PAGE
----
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Time To Score

Oilfield Technology,

Is the African National Congress (ANC) planning to publicly knock its Youth League leader’s, Julius Malema’s, proposals for nationalisation on the head once and for all? And if it does, what will the industry, and potential investors, make of what they say?

Opportunities and opportunists

Recent articles have convincingly argued, not against what is termed Black Economic Empowerment (BEE), but that it is not being played on a level playing field. Since the mining charter of 2004 and the transfer of mining rights to the state, the industry has, overall, supported the entry of previously disadvantaged would-be entrepreneurs to the industry.

Throughout the entire industry, established producers have identified, created, nurtured and assisted credible entrepreneurs to fund equity participation in their companies and reach the Government set and industry agreed target of 26% ownership of the industry by BEE entities by 2014.

There have also been opportunists. Some BEE groups and individuals have obtained equity in a company, more often than not backed by the existing shareholders of the company, only to soon sell their interest in it and pocket the proceeds. Now apparently, says minister of mining, Susan Shabangu, such companies will have to find new BEE partners and be empowered again.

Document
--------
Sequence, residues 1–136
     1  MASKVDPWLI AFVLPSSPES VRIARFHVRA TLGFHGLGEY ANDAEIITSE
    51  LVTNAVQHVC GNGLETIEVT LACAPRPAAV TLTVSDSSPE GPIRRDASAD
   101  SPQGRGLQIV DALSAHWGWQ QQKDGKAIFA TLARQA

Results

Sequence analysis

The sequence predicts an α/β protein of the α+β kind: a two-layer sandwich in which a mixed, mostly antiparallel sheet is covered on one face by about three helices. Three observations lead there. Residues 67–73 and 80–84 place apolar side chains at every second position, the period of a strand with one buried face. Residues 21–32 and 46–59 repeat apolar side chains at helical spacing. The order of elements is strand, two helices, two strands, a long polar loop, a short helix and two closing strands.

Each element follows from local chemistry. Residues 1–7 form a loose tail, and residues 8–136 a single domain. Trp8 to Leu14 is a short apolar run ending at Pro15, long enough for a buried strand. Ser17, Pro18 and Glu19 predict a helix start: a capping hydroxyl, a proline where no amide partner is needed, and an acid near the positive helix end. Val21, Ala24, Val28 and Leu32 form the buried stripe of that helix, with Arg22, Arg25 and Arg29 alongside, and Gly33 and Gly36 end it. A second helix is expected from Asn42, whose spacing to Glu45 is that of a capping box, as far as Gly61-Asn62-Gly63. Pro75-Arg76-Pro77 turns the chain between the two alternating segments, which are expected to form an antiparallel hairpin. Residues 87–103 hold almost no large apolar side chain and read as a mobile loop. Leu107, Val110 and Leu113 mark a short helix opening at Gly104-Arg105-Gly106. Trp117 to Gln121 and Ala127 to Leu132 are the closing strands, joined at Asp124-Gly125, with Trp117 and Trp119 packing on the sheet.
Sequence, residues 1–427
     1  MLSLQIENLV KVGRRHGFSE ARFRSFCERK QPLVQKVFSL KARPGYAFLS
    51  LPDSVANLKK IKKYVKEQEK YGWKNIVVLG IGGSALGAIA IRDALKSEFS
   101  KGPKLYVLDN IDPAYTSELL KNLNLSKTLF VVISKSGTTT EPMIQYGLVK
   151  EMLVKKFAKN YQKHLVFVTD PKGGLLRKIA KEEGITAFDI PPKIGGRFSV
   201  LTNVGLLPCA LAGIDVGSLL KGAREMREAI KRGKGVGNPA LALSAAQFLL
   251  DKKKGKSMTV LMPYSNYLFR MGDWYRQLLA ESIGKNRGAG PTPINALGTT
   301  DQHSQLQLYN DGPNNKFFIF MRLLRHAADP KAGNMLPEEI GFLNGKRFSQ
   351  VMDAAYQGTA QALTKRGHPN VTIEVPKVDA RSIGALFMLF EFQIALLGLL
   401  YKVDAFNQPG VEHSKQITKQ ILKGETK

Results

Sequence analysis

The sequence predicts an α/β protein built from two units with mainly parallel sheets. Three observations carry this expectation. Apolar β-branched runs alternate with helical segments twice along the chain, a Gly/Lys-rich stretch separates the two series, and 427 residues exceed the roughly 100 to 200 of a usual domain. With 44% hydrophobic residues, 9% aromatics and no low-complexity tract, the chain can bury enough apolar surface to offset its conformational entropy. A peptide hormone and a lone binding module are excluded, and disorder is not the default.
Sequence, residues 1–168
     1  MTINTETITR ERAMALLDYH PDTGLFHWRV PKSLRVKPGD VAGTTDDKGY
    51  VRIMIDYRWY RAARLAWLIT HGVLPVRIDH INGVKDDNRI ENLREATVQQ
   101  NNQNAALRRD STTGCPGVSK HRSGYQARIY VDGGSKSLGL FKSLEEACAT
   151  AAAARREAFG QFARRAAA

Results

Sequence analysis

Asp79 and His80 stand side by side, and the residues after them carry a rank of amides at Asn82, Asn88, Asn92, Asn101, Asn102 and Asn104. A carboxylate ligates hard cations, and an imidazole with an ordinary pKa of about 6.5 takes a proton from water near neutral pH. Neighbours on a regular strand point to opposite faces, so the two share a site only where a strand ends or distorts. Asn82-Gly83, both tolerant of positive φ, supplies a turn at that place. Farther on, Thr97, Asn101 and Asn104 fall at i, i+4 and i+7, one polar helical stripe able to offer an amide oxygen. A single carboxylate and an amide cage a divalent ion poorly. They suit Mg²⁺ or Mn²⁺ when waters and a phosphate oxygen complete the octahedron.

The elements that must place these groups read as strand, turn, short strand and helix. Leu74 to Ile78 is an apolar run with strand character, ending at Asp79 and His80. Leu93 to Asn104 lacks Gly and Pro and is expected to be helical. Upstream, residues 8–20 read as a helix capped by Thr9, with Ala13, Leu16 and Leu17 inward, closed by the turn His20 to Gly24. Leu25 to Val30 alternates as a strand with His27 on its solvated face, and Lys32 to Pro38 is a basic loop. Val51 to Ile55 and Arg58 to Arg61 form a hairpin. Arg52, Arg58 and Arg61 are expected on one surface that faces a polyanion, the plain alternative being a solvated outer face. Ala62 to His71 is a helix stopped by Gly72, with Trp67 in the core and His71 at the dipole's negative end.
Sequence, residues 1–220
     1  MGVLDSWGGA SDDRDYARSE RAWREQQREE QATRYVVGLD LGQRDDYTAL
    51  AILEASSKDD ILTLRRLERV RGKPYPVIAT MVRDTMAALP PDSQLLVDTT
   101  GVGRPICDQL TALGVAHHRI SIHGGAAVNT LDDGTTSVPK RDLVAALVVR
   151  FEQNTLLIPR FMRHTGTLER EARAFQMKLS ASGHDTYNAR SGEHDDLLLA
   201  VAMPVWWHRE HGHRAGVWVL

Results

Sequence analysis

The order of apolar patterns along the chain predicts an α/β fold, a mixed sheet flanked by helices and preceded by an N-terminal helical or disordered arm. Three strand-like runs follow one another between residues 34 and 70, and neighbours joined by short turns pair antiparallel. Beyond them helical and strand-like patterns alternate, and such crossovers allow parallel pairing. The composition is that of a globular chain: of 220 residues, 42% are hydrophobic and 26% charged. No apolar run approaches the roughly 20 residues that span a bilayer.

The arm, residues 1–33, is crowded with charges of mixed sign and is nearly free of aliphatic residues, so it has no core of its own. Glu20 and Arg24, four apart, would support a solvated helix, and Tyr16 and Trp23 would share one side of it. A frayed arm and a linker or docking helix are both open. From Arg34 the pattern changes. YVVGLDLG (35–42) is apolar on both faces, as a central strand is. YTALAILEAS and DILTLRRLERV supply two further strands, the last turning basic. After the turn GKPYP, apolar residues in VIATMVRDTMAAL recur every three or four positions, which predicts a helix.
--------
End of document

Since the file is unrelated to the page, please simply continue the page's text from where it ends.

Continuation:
Union viewpoint

Malema wants the effective nationalisation of the industry through a state-mining company that would hold 60% of the equity of all existing and new producers. The National Union of Mineworkers (NUM) says it would settle for 31% with worker cooperatives getting a further 20%. It does not care who owns the remaining 49% – foreigner, citizen, black or white. Neither Malema nor the NUM appear to have tackled the question of how 60% – or 31% – of the mining companies’ shares would get into the hands of the state mining company, nor how the workers get their hands on 20%.

Indians bail out South African miners

Indian utilities continue to look for cheaper South African coal for new power plants on the west coast of the country. Two energy groups – JSW and GMR – have bailed out ailing South African juniors in efforts to secure supplies.

 JSW is now the controlling shareholder in South African Coal Mining Holdings (SACMH) and GMR Energy is in efforts to bail out Toronto-listed South African junior Homeland Energy.

Outlook remains positive

Overall, South African mining production last month showed the highest growth rate since March 2004, Statistics South Africa reports. Quarter-on-quarter production in the coal sector increased 1.8%. Investec merchant bank economist, Kgotso Radira, said that the outlook for mining production for South Africa remained positive on the back of rising commodity prices, but the strength of the rand remained a major risk to growth.

Sales to China are rebounding strongly as utilities on its west coast look to take advantage of falling freight rates out of Richards Bay, reported to be below US$ 16/t. The country’s coal imports could rise by over 70% in 2010 to 170 million t due to power demand growth in the key coastal regions, the International Energy Agency said in May.

Author: Barry Baxter

You can read the full article in the August issue of World Coal magazine.
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